“Oh, well my copy has it.”
With that, I bought her a copy online and shipped it to her fast. Via text, I followed up: “You listen to the Gaga album? What are your favorite songs?”
Quickly, I was shot back: “I did!! Love it!…Favorite is ‘Bad Kids,’ ‘Edge of Glory,’ and ‘Black Jesus’…I think that’s the name?”
First off, my version doesn’t have a song called “Black Jesus.” Secondly, I looked up the album’s discography and got all old man on myself: I was appalled there was a song called, “Black Jesus † Amen Fashion.” I just mouthed a big, “WTF??,” to myself.
“It was hysterical.”
“Mickey, I can barely read what I write. I can’t read a book.”
“It took me, like, a day to read it because it was so funny: I felt like she was sitting here telling me the story. I was afraid to read it because I thought it could be geared toward adults.”
Ah-ha: my conservative parent’s aversion to “adult things” to enter kids’ minds still prevails, I see.
“My favorite part would have to be creating 30 Rock and how, without Alec Baldwin, the show wouldnt have been good,” said Mickey.
She then went on to recite a section of the book by memory, which was an extended joke that inferred Alec Baldwin equals success, fame, credibility, etc:
“When [Tina Fey] was little, her best friends were two older gay guys who took her under their wing. They were like twenty five and she was eleven. And, she fell in love with them and realized how funny/awkward it was for them to be friends. I really identified with that.”
“That’s really funny. I have a lot of comedy friends who identify with her and I think, ‘Umm, you aren’t funny. You are noooo Tina Fey.’ Do you identify with her?”
“Well, the things she says people can relate to in different ways. I personally felt connected with her about her theatre friends, since I’m big into theatre and she’s into theatre and does comedy and got discovered. I think that’s cool.”
“Oh,” I said again, verbally put in my place by a fifteen year old for being a bitch.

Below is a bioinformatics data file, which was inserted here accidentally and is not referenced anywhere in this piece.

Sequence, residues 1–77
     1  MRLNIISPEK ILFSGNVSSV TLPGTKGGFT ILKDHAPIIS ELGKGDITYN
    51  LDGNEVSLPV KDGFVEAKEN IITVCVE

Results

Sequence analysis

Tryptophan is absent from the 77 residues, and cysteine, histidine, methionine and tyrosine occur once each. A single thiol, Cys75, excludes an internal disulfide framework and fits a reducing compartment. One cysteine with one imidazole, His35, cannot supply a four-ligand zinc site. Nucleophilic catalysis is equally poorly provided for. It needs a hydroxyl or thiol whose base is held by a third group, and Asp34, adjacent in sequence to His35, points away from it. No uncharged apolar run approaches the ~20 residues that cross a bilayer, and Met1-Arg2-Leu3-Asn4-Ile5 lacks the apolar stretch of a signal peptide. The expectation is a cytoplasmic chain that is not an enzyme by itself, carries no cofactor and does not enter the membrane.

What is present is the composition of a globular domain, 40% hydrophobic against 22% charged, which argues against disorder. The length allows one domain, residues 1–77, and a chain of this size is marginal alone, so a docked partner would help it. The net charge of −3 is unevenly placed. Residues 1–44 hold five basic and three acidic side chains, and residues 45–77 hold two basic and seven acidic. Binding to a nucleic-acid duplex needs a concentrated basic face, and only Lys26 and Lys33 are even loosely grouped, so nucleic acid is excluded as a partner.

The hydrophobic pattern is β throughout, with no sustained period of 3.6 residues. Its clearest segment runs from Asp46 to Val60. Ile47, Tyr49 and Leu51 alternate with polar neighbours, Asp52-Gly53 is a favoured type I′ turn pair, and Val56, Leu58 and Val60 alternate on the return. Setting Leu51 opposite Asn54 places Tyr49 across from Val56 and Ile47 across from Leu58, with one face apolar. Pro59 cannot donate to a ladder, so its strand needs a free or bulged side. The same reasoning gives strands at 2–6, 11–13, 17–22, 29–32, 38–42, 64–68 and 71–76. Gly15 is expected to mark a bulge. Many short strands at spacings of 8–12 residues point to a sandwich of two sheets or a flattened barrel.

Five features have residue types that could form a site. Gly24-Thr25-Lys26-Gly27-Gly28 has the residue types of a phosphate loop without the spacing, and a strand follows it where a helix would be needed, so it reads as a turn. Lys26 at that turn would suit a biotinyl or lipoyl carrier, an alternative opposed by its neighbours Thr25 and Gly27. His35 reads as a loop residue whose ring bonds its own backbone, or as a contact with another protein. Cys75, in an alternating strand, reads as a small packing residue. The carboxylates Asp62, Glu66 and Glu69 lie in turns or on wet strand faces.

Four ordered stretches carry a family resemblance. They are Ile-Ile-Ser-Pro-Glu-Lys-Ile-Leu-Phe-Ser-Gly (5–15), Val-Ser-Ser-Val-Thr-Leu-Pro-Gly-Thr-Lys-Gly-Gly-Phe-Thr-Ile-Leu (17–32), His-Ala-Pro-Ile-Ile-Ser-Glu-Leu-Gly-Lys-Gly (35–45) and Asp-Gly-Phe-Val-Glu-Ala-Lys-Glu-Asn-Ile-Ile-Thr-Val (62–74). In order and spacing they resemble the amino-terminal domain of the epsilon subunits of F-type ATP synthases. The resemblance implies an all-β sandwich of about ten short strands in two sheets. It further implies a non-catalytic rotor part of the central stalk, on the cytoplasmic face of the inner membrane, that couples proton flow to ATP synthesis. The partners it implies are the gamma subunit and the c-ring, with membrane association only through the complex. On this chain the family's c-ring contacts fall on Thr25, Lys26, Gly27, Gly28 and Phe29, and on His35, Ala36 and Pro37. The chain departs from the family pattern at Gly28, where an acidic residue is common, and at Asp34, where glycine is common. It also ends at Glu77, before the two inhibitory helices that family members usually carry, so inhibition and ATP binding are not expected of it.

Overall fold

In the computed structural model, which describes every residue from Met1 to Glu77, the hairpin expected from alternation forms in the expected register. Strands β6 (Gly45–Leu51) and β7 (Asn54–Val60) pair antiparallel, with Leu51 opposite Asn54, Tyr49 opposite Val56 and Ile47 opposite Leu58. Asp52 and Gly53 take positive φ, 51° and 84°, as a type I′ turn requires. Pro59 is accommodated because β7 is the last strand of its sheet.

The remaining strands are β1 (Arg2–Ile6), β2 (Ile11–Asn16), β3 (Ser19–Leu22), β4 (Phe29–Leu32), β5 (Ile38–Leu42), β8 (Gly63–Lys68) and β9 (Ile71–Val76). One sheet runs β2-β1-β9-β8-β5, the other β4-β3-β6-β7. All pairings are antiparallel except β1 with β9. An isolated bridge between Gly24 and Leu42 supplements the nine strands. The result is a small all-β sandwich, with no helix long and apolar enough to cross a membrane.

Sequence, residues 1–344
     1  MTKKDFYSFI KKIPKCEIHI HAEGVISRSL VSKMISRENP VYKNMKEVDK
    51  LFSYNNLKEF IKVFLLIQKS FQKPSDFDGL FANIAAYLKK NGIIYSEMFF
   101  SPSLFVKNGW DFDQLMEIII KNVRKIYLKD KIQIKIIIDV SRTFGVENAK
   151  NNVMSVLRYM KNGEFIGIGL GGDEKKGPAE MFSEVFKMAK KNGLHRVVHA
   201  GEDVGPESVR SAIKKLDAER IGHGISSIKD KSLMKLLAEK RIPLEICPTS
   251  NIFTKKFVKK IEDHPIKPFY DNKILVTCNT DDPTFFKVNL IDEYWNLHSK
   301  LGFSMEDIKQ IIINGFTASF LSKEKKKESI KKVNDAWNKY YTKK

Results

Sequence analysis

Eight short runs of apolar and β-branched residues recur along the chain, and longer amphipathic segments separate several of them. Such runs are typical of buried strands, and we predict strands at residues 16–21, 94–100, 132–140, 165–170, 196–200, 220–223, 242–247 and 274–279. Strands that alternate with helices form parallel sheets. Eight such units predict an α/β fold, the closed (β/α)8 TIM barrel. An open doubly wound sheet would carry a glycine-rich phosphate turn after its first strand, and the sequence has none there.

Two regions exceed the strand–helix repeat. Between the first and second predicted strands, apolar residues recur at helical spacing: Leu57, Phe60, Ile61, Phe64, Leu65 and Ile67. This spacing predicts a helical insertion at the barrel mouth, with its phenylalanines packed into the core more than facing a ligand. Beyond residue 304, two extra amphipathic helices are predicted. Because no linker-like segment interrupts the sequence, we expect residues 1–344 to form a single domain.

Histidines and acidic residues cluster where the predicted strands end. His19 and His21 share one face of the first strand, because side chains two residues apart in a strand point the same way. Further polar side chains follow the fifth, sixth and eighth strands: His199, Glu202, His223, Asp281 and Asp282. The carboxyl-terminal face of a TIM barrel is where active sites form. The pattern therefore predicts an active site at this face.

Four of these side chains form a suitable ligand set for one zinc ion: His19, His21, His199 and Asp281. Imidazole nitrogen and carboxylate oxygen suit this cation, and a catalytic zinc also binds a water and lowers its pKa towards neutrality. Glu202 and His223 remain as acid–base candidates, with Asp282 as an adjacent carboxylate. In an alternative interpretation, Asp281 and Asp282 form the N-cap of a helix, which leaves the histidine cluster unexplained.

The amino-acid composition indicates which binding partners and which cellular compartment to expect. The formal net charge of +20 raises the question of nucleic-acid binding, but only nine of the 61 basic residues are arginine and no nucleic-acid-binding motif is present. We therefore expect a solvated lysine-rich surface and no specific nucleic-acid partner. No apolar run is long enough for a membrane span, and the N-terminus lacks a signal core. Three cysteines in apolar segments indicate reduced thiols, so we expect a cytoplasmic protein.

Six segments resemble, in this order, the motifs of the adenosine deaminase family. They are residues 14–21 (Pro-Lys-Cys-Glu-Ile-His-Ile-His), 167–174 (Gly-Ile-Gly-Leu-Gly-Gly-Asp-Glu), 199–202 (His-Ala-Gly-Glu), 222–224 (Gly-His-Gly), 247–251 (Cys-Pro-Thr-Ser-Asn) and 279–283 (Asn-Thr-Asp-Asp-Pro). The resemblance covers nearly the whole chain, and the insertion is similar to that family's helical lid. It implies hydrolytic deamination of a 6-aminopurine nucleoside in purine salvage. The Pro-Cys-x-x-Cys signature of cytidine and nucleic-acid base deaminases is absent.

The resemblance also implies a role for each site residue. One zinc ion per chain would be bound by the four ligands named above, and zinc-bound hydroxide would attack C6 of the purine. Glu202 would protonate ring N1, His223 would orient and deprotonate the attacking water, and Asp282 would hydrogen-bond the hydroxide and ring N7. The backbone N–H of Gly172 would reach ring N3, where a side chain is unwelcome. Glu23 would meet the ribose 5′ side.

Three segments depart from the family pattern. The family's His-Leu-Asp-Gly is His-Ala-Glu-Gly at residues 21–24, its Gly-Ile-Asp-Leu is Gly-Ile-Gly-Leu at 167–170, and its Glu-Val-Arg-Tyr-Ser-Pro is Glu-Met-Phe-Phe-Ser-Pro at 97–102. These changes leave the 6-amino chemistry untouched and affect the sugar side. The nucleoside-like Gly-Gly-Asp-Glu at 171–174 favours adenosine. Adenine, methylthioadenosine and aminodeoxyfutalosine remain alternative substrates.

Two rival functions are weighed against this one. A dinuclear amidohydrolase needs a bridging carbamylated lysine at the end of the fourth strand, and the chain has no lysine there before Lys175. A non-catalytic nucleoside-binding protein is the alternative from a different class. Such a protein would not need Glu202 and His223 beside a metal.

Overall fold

“The fact she was a writer for SNL and was Sarah Pailin is really cool.”
“Do you remember when she was on the show? Was she on before your time?” I asked.
“I was old enough to remember. But, I didn’t grasp what she was talking about. I wanted to read [the book] because of 30 Rock and Baby Mama.”
“You reading anything else now?”
“Yeah, I’m, like, on a memoir kick. I’m working on another, but it’s not as great. It’s Anthony Rapps and it’s called Without You.”
She explains the book to me.
“Did you know he was in Adventures In Babysitting?”
I explain Adventures In Babysitting to her.
“The book is named after one of the songs in Rent.”
My bitter gay emerges: “I hate that musical.”
“I hear that a lot from older actors I work with.”
“Why do you love it so much?”
“I find I relate to it because it’s about losing friends. I first saw it a few days after a friend committed suicide. Three people I know committed suicide within the last three years. I’m not sure of the specifics, but they were fourteen or fifteen. They always seem so happy and like they would’t do any harm to anyone.”
She then detailed how some were suspected suicides and others were perhaps accidents. We don’t discuss the “It Gets Better” project or the recent trend of sucide, but it definitely lingers above us.
We close out the conversation, reminiscing on what we’d previously spoken about Lady Gaga: perhaps Born This Way is more important than we think.
Kyle Fitzpatrick is a homosexual former military brat writer, actor, and comedian who loves horror films, champagne, short shorts, dogs, and CAPS LOCK. Follow him on Twitter and check out his dog Tumblr!